Now, think of a very long distance line. If you’re calling Europe, for example, your signal is bouncing off a satalite or going through a very long trans-atlantic cable. Your phone is probably analog, with heavy filtering of highs and lows. The signal gets converted to digital part way through by the phone company, using A to D converters that are probably less than perfect, probably passing again through a filter to clear out analog line noise (and taking some of your signal with it), then it gets sent across the atlantic, then is re-converted to analog, again with not a studio-quality D to A converter, or recompressed and sent out to your cell phone, which does it’s own D ot A conversion using whatever circuts are included in the thing. your voice has been routed a long way, filtered, compressed, converted A to D to A and maybe to D and A another time again, and otherwise mangled. Some of your packets were probably lost. You’re lucky if there’s not static or echo or both.
On the one hand, it’s entirely astoundingly miraculous that you can be standing in Connecticut and hear the apartment noises of dinner being cooked in an apartment in France, while it’s actually happening. On the other hand, how much data is really getting through? It’s something like a cruel joke, in that it implies that communication is possible, but then drops so many pieces of it, making communication extremely difficult.
Having phone conversations with strangers works well because there’s often very little emotional content. Having phone conversation with someone you see frequently can also work well. We are creatures of habit. You are used to reading their cues, because you spend time around them and have the full picture of their cues fresh in your mind. But that gets lost if it’s not practiced. The cues that you can read over the phone, because you read them all the time in person, get less clear over times of seperation. Thus the phone, once a handy way of saying you’d be a few minutes late to dinner, subtly turns against you as the distance and time seperating you grows.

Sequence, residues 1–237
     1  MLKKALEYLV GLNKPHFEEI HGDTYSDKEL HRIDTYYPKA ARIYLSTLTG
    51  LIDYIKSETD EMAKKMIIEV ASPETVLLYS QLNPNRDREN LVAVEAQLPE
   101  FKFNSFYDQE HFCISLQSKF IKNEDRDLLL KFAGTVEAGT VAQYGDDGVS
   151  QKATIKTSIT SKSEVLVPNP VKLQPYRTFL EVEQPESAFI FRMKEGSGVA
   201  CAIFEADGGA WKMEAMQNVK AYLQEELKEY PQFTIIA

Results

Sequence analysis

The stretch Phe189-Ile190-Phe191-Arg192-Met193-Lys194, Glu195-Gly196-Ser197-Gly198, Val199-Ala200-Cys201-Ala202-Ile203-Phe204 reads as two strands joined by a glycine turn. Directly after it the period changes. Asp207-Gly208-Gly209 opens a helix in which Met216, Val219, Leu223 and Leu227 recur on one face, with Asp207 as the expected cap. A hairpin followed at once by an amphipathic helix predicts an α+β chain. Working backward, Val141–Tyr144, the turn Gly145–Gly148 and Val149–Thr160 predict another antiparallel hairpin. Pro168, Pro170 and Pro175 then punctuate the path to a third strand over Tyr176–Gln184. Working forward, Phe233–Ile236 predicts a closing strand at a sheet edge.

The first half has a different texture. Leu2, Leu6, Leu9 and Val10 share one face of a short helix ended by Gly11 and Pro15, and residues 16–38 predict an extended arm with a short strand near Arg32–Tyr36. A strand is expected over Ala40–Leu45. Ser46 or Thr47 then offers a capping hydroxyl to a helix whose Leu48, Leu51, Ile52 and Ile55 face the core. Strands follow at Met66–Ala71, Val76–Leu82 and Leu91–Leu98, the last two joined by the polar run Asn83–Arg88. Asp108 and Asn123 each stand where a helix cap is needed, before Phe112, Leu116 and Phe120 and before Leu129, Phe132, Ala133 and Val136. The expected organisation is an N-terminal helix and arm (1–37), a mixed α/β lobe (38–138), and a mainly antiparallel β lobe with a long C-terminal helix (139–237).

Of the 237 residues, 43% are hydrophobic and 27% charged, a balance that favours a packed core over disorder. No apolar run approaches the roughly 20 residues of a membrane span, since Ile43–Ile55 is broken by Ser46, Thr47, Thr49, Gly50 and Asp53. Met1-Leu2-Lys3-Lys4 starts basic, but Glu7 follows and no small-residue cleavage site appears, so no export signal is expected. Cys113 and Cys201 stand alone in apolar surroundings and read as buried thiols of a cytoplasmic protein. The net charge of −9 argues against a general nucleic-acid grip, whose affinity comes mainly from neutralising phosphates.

The parable of the frog not jumping out of a slowly heating pot and getting cooked, alas, is not based in fact. Nevertheless, it can take time to realize that the phone is not helping things. The seeming miraculousness of it disguises it’s evil intent. It’s like the devil appearing to the unsuspecting and performing false signs and miracles to lead would-be visionaries into heresy.
It is barely possible to have an emotional conversation in a long distance phone call. It is impossible to conduct a relationship over the phone. What is the answer to this dilemna?

Christi has reported in her blog that I no longer answer the telephone. This is not entirely true. I don’t answer the phone in the mornings.
When I had the flu several months ago, I was reading Miss Manners books and I got to a chapter on the telephone. I thought she was going to talk about telephone manners, but instead she talked about telephone’s lack of manners. It’s a machine and you are free to ignore machines. And anyway, it often rings when you’re in th midst of something important, like dinner, or a bath or staring out the window and you don’t need to answer at those times. I felt freed. No longer did I need to be a lsave to the phone!
And what sort of messages come through the phone anyway? The governor never calls me to say, “we’ve decided to succeed from the union to form an eco-socialist-republic.” (Although Christi once got a call from President Bill Clitnon, back when she was a democrat, telling her to go vote. It was a recording on the answering machine. Too bad you can’t transfer your voive mail when you move.) No, it’s always your uncle saying your grandma had a heart attack or your grandma died or your mother has a brain tumor or somebody is dead. These messages are infrequent, but they’re bad. Worse than I can deal with before lunch.
Otherwise it’s you boss or somebody’s boss wanting to know where you or whoever is and could you do some more work. Or your credit card company is trying to sell you more stuff to get you deeper in debt so they can own your soul. Telemarketters, surveys, impersonal strangers calling up to part me with my money. This is a disease of capitalism. I reserve my afternoons to deal with diseases of capitalism.
My friends hardly ever call, probably becuase I hardly ever answer. But telephone conversations are awkward with long silences and it’s hard to read the other person’s reactions. Am I talking too much? Did that last joke hurt her feelings? How can I tell, it’s the telephone.
Telephones exist to carry terrible news and they’re excellent at that. The first telephone message was when good old what-his-name who invented the phone spilled acid on himself and needed his assistant to rush to his aid. This set a precedent. And it can wait till lunch time.